Even if it did not, we still could not do it because we cannot specialize on FnOnce as of today.

5 Likes

Hi, what are asking can be viewed as an optimization that automatically transforms iter().map(f).skip(n) into iter().skip(n).map(f) , is that correct?

Yes it is. You could have more steps between skip and map, but you are right, if we move skip before map it’s functionally equivalent if f doesn’t have side effects.

What do you think about a clippy linter that advises the programmer to rewrite the code to skip first, then map?

That’s a good idea.

Definitely not. FnOnce guarantees nothing about side-effects. It could e.g. write to a static , open a file, print to the screen, etc. etc..

I should have thought more about this, you are totally right.

Even if it did not, we still could not do it because we cannot specialize on FnOnce as of today.

I thought we could since there are no conflicting bounds (Map::advance_by uses the default implementation from Iterator), but that’s indeed not the case (I just tested it, and I effectively get the error "cannot specialize on trait FnMut"), but anyway this would be useless because of what you just said above.


Thanks all, that was a bad idea. And a clippy lint would be much better even if it’s hard to write (since we must correctly assess that f doesn’t touch any global state before displaying this lint).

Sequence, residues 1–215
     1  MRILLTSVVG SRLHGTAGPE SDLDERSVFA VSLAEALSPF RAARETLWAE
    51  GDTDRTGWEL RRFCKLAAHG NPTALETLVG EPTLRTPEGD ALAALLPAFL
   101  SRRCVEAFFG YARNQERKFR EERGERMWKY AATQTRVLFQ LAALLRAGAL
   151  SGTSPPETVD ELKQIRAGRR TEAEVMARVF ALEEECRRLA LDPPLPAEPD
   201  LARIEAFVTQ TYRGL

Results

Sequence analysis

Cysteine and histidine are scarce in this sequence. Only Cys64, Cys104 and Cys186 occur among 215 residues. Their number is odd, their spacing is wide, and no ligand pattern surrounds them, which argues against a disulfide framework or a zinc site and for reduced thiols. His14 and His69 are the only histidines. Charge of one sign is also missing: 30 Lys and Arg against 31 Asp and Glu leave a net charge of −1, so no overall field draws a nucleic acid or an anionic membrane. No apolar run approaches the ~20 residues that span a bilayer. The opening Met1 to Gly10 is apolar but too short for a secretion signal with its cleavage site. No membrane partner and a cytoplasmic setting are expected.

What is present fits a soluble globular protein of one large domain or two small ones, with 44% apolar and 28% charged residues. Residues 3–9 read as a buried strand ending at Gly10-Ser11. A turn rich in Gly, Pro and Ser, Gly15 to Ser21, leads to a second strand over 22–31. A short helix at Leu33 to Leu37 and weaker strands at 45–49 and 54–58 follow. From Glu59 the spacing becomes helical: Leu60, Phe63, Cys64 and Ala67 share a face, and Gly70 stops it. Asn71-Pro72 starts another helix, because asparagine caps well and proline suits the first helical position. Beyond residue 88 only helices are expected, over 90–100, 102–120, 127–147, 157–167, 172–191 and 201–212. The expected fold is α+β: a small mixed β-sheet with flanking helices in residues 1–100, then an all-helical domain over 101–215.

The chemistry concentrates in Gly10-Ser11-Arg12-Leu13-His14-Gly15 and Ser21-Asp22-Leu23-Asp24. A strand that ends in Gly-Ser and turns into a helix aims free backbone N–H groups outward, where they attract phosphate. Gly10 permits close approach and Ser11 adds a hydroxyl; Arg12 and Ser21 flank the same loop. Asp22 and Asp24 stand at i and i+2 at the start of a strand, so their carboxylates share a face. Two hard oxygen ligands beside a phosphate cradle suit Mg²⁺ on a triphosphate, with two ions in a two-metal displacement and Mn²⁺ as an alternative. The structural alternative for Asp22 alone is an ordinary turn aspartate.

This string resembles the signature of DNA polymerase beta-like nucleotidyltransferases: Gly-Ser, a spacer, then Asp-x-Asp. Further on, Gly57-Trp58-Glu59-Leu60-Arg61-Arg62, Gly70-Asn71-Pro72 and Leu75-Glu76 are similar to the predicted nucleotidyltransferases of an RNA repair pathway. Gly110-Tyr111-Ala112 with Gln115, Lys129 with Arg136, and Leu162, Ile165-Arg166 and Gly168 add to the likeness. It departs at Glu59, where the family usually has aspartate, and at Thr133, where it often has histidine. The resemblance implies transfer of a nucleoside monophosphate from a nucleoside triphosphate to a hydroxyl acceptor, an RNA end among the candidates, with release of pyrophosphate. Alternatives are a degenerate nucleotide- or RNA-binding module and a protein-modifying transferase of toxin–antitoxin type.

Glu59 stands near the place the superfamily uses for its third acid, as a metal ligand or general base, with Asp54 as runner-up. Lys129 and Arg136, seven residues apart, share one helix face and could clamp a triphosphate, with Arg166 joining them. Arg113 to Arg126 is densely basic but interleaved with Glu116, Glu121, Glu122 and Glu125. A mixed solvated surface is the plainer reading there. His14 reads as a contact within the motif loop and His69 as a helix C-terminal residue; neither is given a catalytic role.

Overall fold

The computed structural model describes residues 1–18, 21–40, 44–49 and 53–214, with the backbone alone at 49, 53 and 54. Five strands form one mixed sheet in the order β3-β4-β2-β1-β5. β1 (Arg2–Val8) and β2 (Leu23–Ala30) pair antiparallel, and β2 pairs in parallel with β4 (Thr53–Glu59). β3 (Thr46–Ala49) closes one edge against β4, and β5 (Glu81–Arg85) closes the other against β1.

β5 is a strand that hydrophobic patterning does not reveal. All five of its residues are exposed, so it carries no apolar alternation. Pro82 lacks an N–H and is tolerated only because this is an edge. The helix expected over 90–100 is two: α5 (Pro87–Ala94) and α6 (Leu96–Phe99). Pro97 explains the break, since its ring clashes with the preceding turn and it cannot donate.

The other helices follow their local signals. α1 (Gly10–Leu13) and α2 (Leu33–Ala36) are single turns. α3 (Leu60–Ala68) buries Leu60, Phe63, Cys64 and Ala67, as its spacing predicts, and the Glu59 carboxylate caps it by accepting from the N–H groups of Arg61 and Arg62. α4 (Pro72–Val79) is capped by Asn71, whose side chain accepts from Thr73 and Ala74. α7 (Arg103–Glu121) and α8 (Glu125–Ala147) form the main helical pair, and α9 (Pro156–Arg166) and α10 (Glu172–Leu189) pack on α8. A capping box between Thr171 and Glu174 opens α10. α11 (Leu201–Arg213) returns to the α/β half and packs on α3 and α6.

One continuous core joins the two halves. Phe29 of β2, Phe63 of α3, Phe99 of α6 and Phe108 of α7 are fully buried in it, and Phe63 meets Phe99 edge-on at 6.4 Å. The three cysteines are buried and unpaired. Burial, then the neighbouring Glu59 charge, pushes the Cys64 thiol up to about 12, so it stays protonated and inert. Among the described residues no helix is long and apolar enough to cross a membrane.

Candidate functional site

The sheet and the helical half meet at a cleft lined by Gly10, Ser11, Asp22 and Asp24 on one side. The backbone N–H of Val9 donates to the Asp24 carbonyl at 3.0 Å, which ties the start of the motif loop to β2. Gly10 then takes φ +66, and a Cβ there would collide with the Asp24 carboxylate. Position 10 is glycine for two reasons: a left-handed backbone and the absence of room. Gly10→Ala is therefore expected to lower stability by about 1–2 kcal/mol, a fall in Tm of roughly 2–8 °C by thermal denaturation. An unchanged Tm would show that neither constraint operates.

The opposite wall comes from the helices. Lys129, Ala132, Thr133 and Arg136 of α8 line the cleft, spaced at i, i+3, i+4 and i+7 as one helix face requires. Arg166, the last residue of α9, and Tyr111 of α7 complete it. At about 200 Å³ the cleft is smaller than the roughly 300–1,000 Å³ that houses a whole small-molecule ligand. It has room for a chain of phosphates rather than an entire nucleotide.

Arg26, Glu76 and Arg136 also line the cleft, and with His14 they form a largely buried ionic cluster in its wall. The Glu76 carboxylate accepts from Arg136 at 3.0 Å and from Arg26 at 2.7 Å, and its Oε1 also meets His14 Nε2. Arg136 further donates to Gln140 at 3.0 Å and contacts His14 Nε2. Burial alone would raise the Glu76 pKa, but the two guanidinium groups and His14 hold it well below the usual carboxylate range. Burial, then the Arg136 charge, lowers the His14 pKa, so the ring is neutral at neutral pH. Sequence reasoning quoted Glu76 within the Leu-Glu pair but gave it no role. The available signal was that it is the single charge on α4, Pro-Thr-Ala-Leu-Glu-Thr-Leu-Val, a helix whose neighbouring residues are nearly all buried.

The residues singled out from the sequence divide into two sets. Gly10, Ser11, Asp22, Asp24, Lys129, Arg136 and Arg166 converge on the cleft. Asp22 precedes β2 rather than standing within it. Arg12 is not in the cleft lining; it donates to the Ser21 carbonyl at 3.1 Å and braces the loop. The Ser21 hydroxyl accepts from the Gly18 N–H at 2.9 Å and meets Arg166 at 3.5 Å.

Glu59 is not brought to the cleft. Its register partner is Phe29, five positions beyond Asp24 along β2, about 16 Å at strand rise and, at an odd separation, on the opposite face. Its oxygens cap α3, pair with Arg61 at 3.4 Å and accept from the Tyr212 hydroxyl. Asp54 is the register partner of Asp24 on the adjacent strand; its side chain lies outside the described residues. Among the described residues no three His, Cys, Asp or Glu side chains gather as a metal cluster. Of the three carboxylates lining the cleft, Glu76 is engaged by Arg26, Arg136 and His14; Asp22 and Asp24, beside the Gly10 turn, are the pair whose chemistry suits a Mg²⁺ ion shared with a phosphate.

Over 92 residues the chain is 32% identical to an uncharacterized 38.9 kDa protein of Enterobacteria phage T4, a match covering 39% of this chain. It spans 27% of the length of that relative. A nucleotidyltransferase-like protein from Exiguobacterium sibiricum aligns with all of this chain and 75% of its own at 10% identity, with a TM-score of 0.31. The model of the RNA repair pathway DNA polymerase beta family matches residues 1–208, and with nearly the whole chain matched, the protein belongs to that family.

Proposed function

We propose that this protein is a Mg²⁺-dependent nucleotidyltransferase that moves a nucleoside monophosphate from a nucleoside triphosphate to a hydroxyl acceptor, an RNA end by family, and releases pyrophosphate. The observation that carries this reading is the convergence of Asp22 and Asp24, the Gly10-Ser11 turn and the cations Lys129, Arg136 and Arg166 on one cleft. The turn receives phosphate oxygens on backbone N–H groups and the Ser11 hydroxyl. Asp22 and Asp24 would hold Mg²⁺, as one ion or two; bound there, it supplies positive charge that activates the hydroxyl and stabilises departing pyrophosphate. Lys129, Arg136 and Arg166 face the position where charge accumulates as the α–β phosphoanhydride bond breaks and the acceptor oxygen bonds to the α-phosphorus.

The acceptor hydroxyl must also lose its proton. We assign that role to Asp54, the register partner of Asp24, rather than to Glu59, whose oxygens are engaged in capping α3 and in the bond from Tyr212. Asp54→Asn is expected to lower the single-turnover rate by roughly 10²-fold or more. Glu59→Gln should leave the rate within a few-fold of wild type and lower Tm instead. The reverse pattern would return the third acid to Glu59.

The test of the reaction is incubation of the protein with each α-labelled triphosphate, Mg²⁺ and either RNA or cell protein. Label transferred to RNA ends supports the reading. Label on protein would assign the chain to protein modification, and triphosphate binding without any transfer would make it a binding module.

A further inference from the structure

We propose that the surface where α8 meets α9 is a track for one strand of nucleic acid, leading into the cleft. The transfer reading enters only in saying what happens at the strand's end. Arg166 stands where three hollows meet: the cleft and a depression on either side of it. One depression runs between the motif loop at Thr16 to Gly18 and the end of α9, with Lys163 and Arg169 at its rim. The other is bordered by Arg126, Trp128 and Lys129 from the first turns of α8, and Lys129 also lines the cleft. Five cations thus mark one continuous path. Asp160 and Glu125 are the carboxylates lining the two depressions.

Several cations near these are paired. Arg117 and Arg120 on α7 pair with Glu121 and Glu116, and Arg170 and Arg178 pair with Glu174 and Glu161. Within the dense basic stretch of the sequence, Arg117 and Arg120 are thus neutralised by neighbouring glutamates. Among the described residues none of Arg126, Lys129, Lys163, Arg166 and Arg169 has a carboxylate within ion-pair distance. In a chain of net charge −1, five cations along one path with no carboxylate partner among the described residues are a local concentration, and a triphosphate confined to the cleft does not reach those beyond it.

I don't think the lint needs to correctly assess this, I'd argue that in the presence of side effects the intent of the line

let v: Vec<_> = (1..=5).map(f).skip(2).collect();

is extremely unclear: do they really want f to run 5 times? I'd much rather see

#[allow(clippy::map_then_skip)]
let v: Vec<_> = (1..=5).map(f).skip(2).collect();
16 Likes

While it would be a breaking change, I'm interested in why you think the current behaviour is the "correct one"?

If I ask for some elements of an iterator to be "skipped", I personally don't see why the map has to be applied. Java streams (picking a similar system) will not apply such map calls.

(edit: this claim about Java is wrong. Thanks to @gbutler and @SkiFire13 for pointing out my error)

1 Like

That doesn't sound correct to me. I'm pretty sure the Java stream will behave the same. If you want to skip them without applying the map, then put the skip first.

1 Like